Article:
The goal of the gardens is simple: “We grow food and we nurture plants to bring people together,” said Dorothy Jelagat Cheruiyot, a professor of ecology and biology at Tulane University. Cheruiyot’s students are working as busily as bees in the Broadmoor gardens each week as part of internships and classes related to urban agroecology, as well as an additional garden at the New Zion Baptist Church in Central City. But the ultimate goal is to recruit neighborhood volunteers so that the lots will truly be sustainable community gardens, with an emphasis on the community.

Central City thrift store and sewing school provide remedies for the ‘high cost of cheap fashion’

Listening to the radio while driving nine years ago, Alison Parker heard a segment about the book “Overdressed: The Shockingly High Cost of Cheap Fashion” by Elizabeth Cline, and it opened her eyes to the problem of waste and pollution in the fashion and clothing business. 

“I knew I could no longer sit on the sidelines and do nothing,” Parker said. Eventually, it lead her to found ricRACK, a nonprofit organization its website describes as “combining creative skill building with environmental responsibility.” 

Everything that ricRACK does, Parker said, in some way combats the waste prevalent in the fashion industry, which is estimated be the second-largest consumer of the world’s water supply and pollutes the oceans with micro plastics. What’s more, 85% of all textiles go to the dump each year. And when this happens, the dyes and chemicals from the fabrics leach into the ground water and release greenhouse gasses.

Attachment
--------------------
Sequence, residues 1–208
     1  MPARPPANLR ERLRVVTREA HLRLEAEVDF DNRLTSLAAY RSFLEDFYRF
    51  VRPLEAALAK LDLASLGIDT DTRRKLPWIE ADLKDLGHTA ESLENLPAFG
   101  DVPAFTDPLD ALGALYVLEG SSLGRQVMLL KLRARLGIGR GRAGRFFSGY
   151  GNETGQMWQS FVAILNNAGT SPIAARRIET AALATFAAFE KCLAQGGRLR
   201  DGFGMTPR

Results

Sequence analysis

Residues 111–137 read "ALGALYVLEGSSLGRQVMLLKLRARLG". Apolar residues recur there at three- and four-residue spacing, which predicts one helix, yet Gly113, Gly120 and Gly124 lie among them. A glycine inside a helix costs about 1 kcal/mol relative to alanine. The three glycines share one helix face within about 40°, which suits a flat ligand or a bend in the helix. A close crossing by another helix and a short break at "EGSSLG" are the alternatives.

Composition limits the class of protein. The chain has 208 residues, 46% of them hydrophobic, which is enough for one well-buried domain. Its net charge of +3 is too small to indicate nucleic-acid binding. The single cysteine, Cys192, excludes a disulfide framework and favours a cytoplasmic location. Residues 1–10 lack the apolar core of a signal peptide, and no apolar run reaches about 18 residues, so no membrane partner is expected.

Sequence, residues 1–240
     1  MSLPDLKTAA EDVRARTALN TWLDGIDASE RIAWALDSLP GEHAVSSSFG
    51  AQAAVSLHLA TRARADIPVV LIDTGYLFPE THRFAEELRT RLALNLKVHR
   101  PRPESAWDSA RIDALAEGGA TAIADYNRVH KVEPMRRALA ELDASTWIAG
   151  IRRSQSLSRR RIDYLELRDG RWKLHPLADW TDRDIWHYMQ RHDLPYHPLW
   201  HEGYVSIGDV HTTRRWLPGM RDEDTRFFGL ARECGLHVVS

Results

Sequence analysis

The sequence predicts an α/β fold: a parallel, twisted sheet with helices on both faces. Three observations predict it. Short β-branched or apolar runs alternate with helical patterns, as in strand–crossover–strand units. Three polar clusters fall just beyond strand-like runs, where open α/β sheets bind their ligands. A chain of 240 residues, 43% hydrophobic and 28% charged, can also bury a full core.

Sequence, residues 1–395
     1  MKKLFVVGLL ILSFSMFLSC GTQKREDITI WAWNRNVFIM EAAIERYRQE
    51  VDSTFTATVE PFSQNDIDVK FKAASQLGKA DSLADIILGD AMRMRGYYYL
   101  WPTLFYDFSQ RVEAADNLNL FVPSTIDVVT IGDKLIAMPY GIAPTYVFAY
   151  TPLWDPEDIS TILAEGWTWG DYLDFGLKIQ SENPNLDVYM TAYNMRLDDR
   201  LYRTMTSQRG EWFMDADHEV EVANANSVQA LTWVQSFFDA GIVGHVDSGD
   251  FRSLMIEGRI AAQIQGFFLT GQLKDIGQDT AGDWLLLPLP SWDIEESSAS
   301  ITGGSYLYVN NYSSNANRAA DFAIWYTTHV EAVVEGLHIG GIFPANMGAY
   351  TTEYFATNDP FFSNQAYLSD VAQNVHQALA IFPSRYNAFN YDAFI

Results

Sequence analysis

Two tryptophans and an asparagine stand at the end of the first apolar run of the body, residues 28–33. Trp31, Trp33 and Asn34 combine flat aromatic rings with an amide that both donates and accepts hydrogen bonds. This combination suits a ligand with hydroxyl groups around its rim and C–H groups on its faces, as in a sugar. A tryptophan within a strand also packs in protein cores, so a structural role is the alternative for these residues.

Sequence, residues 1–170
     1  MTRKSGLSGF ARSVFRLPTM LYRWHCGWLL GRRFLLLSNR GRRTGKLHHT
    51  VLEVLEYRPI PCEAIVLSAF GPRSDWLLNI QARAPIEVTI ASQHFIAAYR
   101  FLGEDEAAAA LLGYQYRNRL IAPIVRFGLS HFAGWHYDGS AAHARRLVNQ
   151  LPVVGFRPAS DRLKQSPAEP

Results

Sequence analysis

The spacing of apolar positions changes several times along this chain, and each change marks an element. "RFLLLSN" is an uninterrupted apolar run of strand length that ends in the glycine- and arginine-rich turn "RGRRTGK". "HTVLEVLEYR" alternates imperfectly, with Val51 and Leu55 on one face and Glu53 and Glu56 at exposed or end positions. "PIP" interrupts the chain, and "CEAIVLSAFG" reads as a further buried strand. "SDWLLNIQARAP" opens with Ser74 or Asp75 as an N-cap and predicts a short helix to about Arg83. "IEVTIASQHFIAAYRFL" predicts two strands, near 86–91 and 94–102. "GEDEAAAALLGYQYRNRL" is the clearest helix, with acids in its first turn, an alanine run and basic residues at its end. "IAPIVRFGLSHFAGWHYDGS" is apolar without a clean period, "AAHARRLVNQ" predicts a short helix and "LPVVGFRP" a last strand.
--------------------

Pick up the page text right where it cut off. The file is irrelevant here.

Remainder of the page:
To promote the productive recycling of clothes, ricRACK has opened a thrift store in Central City that sells donated clothes as well as those that have been used in films and TV shows, and sponsors a variety of sewing classes. Parker herself worked in the costume department for Cirque du Soleil for five years and then as a costume designer for theater and films, so she has those connections.

Audubon Zoo is recycling strands of holiday lights to aid wildlife

New Orleanians will be dragging their Christmas trees to the curb for coastal restoration after Jan. 6. but what all those strands of lights? Most holiday lights are not bio-degradable — and they are dangerous to animals that can get tangled in the strands. You can make a positive impact on the natural world by recycling your lights and keeping them out of the landfill.

Where to recycle your Mardi Gras beads

If you went to even one parade this past Carnival season, you probably have a pile of beads in your house right now. Even if you didn’t, a bag of beads may be lurking in a closet or in the attic. That means you’ve done your part to keep beads off the streets and out of the drainage system during the parades. Now is the time — unless you haven’t had enough of the glue gun and are planning an art project — to recycle the colorful strands that were so much fun to catch. Most bead recycling in the region is through nonprofit organizations that provide jobs to disabled adults, who clean and sort the throws so they can be sold to float riders for the next season.